Partners-Harvard Pilgrim Merger Motivated by Data?
Gregory A. Freeman
May 9, 2018
Data may be the key to surviving in the changing healthcare industry.
The proposed merger between Partners HealthCare and Harvard Pilgrim Health Care is yet another response to pressure on all healthcare industry sectors to find innovative paths to success in a market where old business models aren’t going to work.
Data is the necessary element in any solution, healthcare leaders are concluding, so someone else who has more data, or a different kind of data, is an attractive partner.
That appears to be the case with the nonprofit healthcare system Partners and Harvard Pilgrim, a medical insurer in Massachusetts. Partners was founded by Brigham and Women’s Hospital and Massachusetts General Hospital and includes community and specialty hospitals, a managed care organization, physician network, and a community health center.
Leaders from both companies have been in negotiations for months, The Boston Globe reported. The options include Partners acquiring Harvard Pilgrim.
The deal is likely to face scrutiny from regulators, the newspaper notes. Massachusetts Governor Charlie Baker was once the head of Harvard Pilgrim and said the state would look carefully at the proposed merger to assess the effect on consumers.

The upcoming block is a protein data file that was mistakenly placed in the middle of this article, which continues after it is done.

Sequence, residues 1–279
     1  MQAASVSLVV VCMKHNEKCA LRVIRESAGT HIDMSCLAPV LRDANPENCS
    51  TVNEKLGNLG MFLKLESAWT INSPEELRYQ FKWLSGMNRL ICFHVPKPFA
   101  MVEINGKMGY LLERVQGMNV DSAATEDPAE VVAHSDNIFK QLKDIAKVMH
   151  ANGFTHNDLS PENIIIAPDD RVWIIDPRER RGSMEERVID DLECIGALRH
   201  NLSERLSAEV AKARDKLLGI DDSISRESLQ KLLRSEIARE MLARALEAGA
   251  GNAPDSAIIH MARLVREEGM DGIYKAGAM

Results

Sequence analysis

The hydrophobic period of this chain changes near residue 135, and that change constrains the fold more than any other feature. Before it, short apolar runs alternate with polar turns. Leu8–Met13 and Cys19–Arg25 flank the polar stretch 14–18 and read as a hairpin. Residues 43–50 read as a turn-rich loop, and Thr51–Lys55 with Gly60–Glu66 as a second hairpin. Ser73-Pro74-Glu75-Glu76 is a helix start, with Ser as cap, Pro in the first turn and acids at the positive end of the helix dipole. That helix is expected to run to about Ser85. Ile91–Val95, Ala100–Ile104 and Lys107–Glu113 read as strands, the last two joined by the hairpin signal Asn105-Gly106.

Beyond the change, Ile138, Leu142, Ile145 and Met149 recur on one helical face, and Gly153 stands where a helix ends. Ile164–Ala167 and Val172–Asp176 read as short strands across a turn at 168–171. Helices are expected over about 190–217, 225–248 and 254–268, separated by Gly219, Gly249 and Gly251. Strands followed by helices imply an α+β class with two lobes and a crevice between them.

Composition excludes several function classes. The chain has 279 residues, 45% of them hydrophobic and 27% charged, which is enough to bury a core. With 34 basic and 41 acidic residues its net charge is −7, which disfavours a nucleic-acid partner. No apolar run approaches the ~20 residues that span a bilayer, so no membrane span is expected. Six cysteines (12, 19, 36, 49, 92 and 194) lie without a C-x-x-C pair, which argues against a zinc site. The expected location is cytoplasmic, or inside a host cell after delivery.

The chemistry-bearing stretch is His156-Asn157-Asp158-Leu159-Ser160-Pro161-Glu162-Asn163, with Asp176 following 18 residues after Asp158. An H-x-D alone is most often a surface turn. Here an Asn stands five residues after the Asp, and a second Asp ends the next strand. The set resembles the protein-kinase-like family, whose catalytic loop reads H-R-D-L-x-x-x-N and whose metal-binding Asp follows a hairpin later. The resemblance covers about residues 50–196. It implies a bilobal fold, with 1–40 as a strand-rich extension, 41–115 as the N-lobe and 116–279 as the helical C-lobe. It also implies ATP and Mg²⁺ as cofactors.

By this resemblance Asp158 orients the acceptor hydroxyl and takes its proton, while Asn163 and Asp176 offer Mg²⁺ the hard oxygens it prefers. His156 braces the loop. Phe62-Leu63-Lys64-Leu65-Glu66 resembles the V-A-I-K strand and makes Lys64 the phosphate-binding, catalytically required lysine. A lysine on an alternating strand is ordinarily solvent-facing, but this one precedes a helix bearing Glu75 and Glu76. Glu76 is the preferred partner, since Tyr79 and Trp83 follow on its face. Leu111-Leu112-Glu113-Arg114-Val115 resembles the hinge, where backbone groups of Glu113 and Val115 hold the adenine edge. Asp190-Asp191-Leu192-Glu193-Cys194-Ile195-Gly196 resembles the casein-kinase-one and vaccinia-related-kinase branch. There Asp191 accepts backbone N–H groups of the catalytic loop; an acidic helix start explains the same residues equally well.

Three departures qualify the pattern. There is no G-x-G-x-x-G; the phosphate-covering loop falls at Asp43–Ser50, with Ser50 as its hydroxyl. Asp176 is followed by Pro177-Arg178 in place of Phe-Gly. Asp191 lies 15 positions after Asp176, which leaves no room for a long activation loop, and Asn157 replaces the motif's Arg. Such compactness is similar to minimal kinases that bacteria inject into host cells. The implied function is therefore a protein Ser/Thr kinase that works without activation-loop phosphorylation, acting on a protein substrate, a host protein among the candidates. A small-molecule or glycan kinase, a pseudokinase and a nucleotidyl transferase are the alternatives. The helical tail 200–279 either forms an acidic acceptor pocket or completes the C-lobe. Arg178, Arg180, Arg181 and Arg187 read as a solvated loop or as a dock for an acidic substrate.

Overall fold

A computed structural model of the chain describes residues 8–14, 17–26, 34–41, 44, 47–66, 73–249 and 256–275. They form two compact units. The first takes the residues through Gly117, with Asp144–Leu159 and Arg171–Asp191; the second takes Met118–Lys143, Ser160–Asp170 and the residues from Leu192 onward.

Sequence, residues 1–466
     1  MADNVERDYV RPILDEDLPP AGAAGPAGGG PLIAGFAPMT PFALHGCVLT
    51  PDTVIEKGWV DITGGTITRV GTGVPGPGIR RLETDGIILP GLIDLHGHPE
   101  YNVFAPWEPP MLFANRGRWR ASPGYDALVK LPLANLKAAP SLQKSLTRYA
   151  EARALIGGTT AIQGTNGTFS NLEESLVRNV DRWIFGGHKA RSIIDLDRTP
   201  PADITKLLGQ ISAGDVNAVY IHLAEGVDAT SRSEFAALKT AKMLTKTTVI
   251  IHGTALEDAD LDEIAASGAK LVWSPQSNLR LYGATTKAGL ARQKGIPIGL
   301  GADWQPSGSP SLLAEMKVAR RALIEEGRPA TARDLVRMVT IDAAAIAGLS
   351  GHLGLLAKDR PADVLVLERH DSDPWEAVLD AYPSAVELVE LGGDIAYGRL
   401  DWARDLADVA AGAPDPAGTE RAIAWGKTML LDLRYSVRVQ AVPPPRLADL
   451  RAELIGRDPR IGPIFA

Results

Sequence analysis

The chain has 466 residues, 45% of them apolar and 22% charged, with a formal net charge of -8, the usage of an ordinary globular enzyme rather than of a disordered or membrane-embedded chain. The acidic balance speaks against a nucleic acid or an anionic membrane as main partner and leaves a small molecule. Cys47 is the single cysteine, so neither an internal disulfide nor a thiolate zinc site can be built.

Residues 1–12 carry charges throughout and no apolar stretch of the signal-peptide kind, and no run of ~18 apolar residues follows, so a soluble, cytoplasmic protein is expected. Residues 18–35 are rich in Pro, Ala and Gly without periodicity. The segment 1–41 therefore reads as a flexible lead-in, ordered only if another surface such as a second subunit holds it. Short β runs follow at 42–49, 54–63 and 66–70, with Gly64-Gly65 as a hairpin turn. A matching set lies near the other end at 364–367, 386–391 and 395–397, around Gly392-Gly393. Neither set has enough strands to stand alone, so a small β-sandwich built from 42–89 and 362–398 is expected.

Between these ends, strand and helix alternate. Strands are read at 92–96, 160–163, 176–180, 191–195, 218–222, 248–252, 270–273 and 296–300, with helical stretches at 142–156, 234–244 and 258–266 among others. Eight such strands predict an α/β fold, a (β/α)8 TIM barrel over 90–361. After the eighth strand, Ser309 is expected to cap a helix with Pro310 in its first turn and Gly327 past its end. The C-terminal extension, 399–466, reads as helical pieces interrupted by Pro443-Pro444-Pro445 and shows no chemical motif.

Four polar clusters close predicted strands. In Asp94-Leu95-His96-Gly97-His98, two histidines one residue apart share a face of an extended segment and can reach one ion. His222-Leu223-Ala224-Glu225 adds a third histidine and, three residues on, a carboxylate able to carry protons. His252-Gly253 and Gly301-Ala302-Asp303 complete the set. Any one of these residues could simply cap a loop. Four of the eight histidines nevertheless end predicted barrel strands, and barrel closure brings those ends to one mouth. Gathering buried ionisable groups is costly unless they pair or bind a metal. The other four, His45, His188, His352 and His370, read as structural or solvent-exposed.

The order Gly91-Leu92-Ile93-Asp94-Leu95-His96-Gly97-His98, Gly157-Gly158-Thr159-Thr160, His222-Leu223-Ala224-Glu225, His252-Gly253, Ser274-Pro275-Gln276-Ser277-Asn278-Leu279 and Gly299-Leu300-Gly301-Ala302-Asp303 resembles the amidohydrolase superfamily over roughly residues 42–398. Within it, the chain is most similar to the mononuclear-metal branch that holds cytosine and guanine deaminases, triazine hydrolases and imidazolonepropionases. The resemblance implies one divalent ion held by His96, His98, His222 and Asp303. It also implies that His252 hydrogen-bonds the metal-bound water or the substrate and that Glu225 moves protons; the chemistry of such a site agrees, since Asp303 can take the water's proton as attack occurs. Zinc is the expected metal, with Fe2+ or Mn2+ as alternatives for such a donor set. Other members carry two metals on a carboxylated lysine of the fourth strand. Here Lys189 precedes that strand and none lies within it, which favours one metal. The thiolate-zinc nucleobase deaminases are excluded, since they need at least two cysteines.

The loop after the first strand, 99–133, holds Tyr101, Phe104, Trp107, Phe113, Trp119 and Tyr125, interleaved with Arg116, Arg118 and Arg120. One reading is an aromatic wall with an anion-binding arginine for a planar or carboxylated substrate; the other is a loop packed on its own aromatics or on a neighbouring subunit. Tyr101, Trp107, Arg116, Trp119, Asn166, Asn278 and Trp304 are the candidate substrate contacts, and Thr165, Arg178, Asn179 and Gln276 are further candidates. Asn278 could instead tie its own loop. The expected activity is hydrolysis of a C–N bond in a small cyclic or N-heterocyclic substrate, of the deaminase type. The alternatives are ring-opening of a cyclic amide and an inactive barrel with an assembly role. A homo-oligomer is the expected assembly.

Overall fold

Data could be key
The proposed merger is “a defensive one,” says David Friend, MD, chief transformation officer and managing director of the Center for Healthcare Excellence & Innovation with the consulting firm BDO. Friend also sits on the board of FallonHealth, a health plan in Massachusetts.
“Partners HealthCare brings access to patients and their data to the table, and Pilgrim brings access to their customers, as well as pharmacy benefits and claims data,” he says. “By banding together as one, the two entities are better positioned through access to more potential customers, a streamlined supply chain and, ideally, improved care coordination and outcomes.”
Both companies are primarily motivated by the search for data, Friend says.
“Care is being pushed outside the walls of the hospital, and traditional care models are being challenged, putting pressure on providers to cut costs and improve outcomes,” he says. “This is especially true in Massachusetts—a state with higher-than-normal healthcare costs driven by hospital spending and enrollment changes. One key ingredient to lowering costs and improving outcomes is access to population health data.”
Friend notes that the Partners-Harvard Pilgrim merger is the latest in a spate of deals signifying that the entire healthcare system is converging, and by next year, the traditional pharmacy benefit manager model could be extinct.
“If the Partners-Harvard Pilgrim merger comes to fruition, the combined entity has the potential to provide better care outcomes at lower costs. It could also use its combined population health data to develop new services and better serve its consumers through more personalized care,” he says.
A new reality
Health insurance third-party payers, such as Harvard Pilgrim, and healthcare providers, such as Partners, are facing a new reality regarding the business side of healthcare, says C. Timothy Gary, JD, healthcare attorney with Dickinson Wright and CEO of Crux Strategies, a compliance and consulting firm.